The shutdown of the federal government that began early Tuesday morning represents a massive failure on all sides of the debate in Washington.
The failure does not begin simply with the inability to pass what is called a continuing resolution (a temporary spending bill meant to keep the office lights on), although that failure is the proximate cause of the current mess. The continuing resolution is merely a stopgap measure, and would not be necessary if Congress and the White House could pass a real budget. Which they can’t.
The continuing resolution would have passed, though, if House Speaker John Boehner had been able to convince conservative upstarts to accept the proposal put forward by House Majority Leader Eric Cantor of Virginia’s 7 th District. That would have pressed the Senate on Obamacare without forcing a shutdown. They refused.
Boehner also could have avoided a shutdown by working with Democrats, thereby freezing out the tea party caucus and teaching its young upstarts to remember their place. Indeed, a speaker of greater stature — Sam Rayburn, for instance — would have delivered just such a lesson in a manner those on the receiving end would not soon have forgotten.
The tea party caucus also has failed — and its failure was ordained from the start. The Democrat-controlled Senate never was going to pass, and the president never was going to sign, a bill to repeal President Obama’s signature legislative achievement. Even the filibustering Ted Cruz has admitted as much, despite lobbying House conservatives to follow him, like so many Gadarene swine, over the political cliff.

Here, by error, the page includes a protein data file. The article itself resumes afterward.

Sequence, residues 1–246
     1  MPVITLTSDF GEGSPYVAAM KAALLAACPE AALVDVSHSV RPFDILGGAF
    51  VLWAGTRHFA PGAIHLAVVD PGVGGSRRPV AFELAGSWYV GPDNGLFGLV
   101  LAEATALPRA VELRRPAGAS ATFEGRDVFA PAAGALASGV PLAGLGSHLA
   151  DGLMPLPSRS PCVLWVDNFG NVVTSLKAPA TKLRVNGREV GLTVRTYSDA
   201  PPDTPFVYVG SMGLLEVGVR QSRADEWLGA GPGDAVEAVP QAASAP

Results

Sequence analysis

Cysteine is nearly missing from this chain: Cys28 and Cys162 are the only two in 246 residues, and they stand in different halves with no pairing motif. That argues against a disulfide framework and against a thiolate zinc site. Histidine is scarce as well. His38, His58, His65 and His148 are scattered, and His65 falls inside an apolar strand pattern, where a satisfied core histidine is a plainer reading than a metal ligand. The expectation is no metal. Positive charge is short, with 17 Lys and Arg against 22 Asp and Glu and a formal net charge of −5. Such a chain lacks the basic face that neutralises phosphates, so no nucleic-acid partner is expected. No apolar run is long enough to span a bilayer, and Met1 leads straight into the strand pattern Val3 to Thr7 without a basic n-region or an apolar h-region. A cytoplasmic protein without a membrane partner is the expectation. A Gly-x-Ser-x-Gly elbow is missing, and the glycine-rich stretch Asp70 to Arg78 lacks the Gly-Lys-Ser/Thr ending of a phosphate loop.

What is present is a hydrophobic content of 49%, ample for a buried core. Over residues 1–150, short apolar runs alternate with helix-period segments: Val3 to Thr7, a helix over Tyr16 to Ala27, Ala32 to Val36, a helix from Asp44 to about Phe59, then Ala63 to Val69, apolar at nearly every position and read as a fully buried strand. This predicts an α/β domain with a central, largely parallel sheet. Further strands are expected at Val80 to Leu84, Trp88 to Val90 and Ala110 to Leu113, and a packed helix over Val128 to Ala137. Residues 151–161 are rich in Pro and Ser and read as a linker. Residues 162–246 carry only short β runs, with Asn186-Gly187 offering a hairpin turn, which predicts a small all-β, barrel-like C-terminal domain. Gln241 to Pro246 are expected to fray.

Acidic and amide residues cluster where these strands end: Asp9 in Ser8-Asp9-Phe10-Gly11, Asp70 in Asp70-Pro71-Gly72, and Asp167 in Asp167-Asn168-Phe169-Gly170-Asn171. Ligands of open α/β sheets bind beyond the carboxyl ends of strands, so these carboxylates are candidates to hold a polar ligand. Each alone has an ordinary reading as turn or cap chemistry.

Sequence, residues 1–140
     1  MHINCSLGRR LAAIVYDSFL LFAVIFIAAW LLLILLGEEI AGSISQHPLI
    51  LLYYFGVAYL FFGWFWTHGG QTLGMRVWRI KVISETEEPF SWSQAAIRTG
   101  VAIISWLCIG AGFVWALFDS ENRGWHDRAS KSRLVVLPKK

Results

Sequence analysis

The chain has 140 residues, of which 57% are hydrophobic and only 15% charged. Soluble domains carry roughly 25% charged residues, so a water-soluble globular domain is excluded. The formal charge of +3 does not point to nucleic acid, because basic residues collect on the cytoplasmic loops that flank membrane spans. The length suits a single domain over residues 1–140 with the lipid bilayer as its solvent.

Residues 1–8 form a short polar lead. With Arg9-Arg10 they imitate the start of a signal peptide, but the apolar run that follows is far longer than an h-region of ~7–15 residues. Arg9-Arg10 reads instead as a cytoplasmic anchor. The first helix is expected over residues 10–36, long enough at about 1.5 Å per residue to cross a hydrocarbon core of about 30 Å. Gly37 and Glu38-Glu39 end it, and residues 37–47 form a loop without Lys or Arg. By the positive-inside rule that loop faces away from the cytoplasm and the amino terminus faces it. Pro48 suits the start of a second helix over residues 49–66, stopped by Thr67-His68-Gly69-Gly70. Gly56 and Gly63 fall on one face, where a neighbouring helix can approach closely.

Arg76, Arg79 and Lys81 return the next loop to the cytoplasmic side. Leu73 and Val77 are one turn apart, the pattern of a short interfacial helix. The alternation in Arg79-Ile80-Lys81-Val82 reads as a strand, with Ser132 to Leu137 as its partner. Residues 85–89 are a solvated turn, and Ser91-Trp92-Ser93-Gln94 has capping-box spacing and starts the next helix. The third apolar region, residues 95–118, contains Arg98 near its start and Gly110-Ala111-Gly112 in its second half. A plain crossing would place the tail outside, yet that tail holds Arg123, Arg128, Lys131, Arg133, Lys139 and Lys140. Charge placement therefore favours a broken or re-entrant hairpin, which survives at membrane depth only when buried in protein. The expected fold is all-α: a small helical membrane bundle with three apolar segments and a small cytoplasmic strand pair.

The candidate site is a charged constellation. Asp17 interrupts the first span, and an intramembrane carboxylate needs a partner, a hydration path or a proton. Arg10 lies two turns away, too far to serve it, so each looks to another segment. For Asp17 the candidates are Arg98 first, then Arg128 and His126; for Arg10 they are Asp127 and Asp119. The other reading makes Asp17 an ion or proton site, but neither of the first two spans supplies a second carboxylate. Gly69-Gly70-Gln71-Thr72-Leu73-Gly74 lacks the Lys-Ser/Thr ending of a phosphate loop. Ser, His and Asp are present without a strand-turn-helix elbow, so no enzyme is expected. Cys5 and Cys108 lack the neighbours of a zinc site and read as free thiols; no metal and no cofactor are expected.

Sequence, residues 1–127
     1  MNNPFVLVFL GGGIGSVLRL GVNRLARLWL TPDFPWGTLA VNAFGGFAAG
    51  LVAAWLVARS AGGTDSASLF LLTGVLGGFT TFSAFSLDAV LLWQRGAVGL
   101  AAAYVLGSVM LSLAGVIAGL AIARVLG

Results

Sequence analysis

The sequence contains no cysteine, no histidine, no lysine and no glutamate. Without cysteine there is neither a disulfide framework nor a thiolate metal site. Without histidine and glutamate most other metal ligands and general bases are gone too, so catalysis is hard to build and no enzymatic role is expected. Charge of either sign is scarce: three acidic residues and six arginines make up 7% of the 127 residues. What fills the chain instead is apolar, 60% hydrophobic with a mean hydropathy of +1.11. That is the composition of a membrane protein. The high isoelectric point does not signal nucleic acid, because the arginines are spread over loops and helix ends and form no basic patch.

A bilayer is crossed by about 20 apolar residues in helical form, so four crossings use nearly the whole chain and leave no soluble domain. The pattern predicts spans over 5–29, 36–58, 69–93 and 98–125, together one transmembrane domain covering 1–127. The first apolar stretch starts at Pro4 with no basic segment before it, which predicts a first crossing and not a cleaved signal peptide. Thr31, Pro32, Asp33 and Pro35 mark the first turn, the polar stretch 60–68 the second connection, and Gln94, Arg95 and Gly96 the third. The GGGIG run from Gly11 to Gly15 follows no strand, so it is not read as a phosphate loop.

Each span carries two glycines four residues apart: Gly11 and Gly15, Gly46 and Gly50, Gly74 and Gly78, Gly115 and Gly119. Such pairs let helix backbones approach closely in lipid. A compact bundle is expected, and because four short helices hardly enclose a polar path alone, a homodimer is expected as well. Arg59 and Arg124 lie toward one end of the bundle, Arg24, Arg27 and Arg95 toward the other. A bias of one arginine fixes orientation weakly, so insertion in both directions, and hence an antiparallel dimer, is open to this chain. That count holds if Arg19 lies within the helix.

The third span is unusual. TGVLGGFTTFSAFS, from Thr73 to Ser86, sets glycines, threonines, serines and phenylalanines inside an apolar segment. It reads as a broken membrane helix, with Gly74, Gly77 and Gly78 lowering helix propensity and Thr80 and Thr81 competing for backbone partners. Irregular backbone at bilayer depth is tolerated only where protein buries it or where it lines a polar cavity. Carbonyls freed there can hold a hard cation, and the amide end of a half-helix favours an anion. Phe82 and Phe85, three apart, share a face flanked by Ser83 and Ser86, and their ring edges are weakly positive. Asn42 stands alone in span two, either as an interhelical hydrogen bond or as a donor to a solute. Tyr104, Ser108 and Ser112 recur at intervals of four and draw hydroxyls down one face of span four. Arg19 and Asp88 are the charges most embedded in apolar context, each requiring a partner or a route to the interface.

Democrats do not escape blame for the current mess, either. They remain just as intransigent as Republicans — and their intransigence is made all the more egregious because they largely won the last game of chicken, extracting hundreds of billions worth of tax hikes from Boehner in a last-minute deal.
Democrats look even sillier when they refuse to consider changes to Obamacare while the White House continues to roll out unilateral changes to the law. Those include delaying the employer mandate, waiving proof of individual eligibility for exchange subsidies and extending the deadline for small-business exchange applications. Business Insider notes the administration announced that last change “right in the middle of Obama’s fiery speech” insisting he would not change the law one iota.
The GOP has abandoned its demand for repeal of Obamacare, and its demand for the defunding of the law, falling back to a request for (1) a delay in the individual insurance mandate and (2) repeal of the medical-devices tax. The former does not seem unreasonable given the delay of the business insurance mandate. The latter has considerable support among Democrats. Yet Democrats flatly refuse to discuss either one.
The upshot is that the federal government has run out of money. Critical services can limp along for a few more days, but the public will not abide an extended stalemate — nor should it.